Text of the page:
The Cleveland Cavaliers were required to beat the Orlando Magic on Wednesday in order to maintain any hope of qualifying for the postseason. In dominating fashion, by a score of 119-98, they accomplished specifically that. The Magic may not have necessarily wanted to win but that’s beside the point. It was a critical game for this group of young Cavaliers, and they left Florida with a victory they had to secure.
The only frustrating aspect of Wednesday’s game is that some people may actually suggest this single event serves as “evidence” that the Cavaliers are—in fact—better when Kyrie Irving is playing. Of course they are. There is no way you can subtract a player like Irving and actually think your team gets better overall. Even if said team happens to win a few games while he’s injured. Which is why there is absolutely no reason the Cavs or anybody else should entertain the idea of trading him.
After missing the last eight games, Irving returned to score 17 points on 7-of-8 shooting from the field. The Magic didn’t offer much resistance, but Irving still only missed one field goal. That efficiency, combined with 26 points from Dion Waiters on 10-15 shooting, is the primary reason why the Cavaliers have a chance to run the table over these last six games. Giving Irving and Waiters a chance to learn how to play this effectively together on a consistent basis over the next few seasons is also the same reason why this team could eventually become good.
Developing chemistry at the NBA level and learning how to play effectively alongside other talented players takes time. But last night against the Magic—after approximately 150 games and two head coaches together—Irving and Waiters demonstrated flashes of what this tandem can do. The Cavs starting guards combined for 23 points and seven assists by halftime–and along with Spencer Hawes–helped Cleveland to an insurmountable 70-47 lead at the break. Now they just need to do it again in Atlanta and five more times after that.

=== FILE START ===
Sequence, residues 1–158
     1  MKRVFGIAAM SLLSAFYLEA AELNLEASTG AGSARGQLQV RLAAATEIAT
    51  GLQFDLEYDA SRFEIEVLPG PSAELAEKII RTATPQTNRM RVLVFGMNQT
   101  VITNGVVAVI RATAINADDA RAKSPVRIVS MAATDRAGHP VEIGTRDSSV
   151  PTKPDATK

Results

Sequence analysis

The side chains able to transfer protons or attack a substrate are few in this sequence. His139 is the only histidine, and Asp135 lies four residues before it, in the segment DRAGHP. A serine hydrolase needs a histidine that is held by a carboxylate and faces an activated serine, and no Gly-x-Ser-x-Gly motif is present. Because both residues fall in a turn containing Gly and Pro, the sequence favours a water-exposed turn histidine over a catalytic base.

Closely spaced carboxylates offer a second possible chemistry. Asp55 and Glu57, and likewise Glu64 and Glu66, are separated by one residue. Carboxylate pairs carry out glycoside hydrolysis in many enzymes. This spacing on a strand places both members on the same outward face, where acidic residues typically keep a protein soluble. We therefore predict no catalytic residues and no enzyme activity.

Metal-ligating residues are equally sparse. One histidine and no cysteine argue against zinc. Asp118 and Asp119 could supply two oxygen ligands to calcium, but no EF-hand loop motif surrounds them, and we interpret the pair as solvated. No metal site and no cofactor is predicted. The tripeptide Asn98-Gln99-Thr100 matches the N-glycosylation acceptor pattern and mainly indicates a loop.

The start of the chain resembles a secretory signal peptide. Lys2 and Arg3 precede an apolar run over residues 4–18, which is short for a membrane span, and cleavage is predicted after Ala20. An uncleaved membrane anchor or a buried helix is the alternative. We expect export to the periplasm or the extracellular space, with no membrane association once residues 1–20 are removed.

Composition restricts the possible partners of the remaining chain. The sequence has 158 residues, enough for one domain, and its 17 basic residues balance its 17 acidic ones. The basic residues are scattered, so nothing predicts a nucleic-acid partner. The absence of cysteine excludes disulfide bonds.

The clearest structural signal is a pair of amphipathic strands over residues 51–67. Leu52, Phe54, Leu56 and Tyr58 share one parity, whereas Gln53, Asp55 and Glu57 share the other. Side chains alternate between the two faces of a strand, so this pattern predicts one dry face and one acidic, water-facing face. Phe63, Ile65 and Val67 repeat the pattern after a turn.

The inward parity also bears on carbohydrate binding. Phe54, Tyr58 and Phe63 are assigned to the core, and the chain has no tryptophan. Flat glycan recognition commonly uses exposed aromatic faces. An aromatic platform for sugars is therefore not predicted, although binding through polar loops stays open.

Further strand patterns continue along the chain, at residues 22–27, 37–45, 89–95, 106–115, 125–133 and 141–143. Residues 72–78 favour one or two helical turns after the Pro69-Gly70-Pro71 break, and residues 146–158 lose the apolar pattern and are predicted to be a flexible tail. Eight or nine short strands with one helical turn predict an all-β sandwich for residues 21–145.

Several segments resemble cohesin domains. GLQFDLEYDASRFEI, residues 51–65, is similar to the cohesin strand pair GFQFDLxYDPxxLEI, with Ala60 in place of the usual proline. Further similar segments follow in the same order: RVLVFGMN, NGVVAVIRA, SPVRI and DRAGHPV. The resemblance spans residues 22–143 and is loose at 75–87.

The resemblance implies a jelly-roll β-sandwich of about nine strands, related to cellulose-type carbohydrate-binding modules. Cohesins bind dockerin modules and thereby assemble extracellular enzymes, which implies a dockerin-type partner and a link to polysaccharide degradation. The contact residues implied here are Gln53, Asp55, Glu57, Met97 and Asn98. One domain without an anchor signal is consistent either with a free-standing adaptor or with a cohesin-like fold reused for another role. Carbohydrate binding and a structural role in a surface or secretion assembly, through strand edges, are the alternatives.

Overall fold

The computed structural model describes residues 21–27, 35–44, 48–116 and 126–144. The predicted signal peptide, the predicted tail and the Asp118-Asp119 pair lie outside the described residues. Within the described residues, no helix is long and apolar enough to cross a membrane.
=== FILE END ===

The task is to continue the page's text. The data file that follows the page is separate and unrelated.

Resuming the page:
The Spencer Hawes effect
Spencer Hawes is playing like he really wants to bring the Republican National Convention to Cleveland in 2015. He’s also playing like he wants this Cavaliers team in the postseason. The big man hit four threes on his way to finishing with 20 points, eight rebounds and eight assists. By stepping out, creating space, and finding cutters at the rim, he continued to be a critical reason why the ball didn’t stick in the halfcourt.
I said this recently to a friend of mine about Hawes and meant it without any hint of sarcasm: If you’re going to be a team who doesn’t really implement much of an offensive system or strategy, you really need a guy like Spencer Hawes. As a big who can stretch the floor and pass on the interior, he opens up so many things naturally in the halfcourt. So while maybe a guy like Hawes doesn’t necessarily fit into every system in this League, he fits pretty well here where it’s imperative to have bigs that create.
Two down six to go
The secondary ticket market in Atlanta is off-the-chain right now in anticipation of Friday’s showdown with the Cavs. After losing last night to the Chicago Bulls, Atlanta is currently two games up on Cleveland for the eighth and final playoff spot. The New York Knicks, meanwhile, are also two games up on the Cavs and in command of the 8-seed this morning.
In my opinion, the Cavs will need to run the table from here in order to secure a playoff berth. The Hawks are three better than Cleveland in the loss column and the Knicks are two better. So while the Cavs absolutely must beat the Hawks on Friday, they must also find a way to beat Charlotte, Detroit, Milwaukee, Boston and Brooklyn after that. But along with closing the season out on an eight-game winning streak, the Cavs will also need some help. The first step in all of that, though, is beating the Hawks on Friday.
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